If a US Republican politician’s lips are moving, chances are he or she is talking about getting the government off your back, leaving the markets alone to take care of themselves, or ceaselessly celebrating freedom, liberty and a dozen other buzzwords related to the cherished American ideal of rugged individualism. Problem is, it’s all bullshit. If these so-called conservatives really believed in what they were saying, 18 of them wouldn’t have voted against Barney Frank’s HR2267 legislation.
A nanny state is a nanny state, regardless of whether that state is considered ‘red’ or ‘blue’. You can’t decry government intervention as paternalistic, then turn around and declare that adult Americans need to be protected from their own desire to gamble online. Similarly, you can’t claim you believe in smaller government when your anti-gambling policing efforts require a massive mobilization of manpower and taxpayer dollars in order to be effective.
The most lethal insult Republicans can hurl at a Democrat is ‘socialist’. Yet by championing monopolistic government control over all gaming activities, they are advocating a position more commonly associated with communism. It’s a puzzling stance for Republicans, considering how they love to claim communism was vanquished by their demi-god, Ronnie Reagan. What, are you resuscitating the spectre of communism in the hopes that The Gipper will similarly rise from his grave and lead your leaderless party back to the White House?
If government control of online gaming is a good thing – despite the lack of competition leading to reduced options, and thus reduced value for punters – then why not socialize every industry? After all, governments always use taxpayer funds in the most efficient manner possible (think the Bridge to Nowhere and other thoroughly worthwhile projects). As political humorist P.J. O’Rourke so sagely put it, “’Giving money and power to government is like giving whiskey and car keys to teenage boys.”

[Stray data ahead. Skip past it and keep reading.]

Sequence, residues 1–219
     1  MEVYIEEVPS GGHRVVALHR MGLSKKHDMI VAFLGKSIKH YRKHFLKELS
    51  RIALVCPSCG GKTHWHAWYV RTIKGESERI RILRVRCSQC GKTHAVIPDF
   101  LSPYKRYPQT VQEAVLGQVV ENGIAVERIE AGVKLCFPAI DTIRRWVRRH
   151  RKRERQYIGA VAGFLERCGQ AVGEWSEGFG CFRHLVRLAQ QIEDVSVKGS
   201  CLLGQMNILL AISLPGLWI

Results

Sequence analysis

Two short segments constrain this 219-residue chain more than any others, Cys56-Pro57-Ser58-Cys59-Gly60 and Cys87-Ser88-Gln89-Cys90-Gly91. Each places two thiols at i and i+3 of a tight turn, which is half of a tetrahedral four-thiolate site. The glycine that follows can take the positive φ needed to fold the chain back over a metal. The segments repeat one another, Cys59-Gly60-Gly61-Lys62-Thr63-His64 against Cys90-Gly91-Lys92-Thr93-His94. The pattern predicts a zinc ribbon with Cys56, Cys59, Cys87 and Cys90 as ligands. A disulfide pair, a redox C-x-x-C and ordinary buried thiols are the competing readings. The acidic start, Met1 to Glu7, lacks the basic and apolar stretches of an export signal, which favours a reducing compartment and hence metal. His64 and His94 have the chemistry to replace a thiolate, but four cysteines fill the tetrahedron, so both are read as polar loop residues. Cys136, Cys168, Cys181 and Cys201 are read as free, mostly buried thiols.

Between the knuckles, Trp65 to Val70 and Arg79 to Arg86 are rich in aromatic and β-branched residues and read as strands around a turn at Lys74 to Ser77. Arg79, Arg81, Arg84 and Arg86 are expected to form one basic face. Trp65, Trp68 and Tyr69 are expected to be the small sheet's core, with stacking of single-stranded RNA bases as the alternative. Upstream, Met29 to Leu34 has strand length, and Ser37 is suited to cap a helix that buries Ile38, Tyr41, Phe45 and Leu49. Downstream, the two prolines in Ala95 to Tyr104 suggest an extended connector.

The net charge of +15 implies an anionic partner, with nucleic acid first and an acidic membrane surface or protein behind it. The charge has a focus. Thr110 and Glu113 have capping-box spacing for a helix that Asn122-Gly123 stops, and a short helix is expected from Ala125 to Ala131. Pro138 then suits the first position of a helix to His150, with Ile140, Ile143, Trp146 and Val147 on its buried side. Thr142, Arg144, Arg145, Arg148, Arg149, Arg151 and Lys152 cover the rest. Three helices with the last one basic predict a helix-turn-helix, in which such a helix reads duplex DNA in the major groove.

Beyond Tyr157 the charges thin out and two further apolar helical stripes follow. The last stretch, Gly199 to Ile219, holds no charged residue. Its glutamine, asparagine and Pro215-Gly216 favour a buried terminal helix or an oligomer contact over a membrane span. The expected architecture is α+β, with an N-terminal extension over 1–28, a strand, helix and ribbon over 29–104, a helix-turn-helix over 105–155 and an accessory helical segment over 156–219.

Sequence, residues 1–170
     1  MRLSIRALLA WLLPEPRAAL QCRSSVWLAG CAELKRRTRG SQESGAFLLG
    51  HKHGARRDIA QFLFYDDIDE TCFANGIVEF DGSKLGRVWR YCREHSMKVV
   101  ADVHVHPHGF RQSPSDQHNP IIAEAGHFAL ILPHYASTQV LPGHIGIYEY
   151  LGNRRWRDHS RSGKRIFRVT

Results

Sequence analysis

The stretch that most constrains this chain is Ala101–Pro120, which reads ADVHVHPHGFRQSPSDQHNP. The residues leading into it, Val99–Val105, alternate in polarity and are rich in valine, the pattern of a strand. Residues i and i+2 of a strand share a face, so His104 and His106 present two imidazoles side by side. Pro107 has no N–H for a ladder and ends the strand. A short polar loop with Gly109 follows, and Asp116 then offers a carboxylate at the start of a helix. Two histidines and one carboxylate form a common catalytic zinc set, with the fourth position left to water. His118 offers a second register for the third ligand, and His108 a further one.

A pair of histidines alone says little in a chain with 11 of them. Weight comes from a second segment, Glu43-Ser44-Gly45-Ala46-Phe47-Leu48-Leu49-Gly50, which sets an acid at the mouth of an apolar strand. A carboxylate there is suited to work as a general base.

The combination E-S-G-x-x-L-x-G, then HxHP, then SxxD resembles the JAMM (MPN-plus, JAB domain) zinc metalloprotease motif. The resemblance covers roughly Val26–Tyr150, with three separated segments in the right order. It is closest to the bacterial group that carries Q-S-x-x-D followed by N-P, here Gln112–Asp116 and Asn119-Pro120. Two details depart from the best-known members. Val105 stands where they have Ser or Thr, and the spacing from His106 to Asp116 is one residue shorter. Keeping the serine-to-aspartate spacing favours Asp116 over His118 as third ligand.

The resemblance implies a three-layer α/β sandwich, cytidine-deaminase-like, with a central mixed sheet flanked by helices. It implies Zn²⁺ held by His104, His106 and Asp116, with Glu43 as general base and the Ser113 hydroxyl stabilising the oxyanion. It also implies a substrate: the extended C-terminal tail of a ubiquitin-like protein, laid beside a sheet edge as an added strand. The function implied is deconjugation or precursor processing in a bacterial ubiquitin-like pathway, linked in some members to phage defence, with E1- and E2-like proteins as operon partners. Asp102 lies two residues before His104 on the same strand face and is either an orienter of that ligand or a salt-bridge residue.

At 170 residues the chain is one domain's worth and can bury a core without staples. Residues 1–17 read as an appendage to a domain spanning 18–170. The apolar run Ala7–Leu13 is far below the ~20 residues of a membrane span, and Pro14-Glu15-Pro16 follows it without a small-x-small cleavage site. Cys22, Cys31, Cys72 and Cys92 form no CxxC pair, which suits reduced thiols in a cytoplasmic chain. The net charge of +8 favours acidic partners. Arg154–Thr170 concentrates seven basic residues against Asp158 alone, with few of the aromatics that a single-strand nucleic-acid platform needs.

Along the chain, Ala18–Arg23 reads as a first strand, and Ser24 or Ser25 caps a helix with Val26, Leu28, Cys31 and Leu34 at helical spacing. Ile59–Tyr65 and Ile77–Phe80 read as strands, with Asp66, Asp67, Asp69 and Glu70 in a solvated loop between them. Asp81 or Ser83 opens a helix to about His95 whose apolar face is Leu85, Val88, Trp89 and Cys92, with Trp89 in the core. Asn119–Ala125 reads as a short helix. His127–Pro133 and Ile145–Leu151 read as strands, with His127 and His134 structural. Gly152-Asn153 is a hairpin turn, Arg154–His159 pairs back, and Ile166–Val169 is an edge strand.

Speaking of overcompensating teenagers, conservative American politicians who identify themselves as virulently anti-this or anti-that have a tendency to be outed as fervent fans of the very thing they publicly rail against. Which brings us to Rep. Spencer Bachus, who likes to say things like “There is a correlation between drug dealers and gambling sites.” Yes, Bachus hates gambling, but he defines gambling a little more narrowly than some. Bachus is an active player in the stock market, but he’s not quite the ‘buy and hold’ type. In fact, he once made $15K from betting short on a stock he held less than two weeks. He’s made hundreds of thousands of dollars from this type of short-selling, or as some refer to it, ‘betting against America’.
All of these above points are neatly summed up in this Forbes article by Michelle Minton. Forbes has clearly been improving their hiring practices since Matt Miller (who famously put words in Calvin Ayre’s mouth to fit his own preconceptions) moved on. We look forward to more of Ms. Minton’s views on our industry. Read more.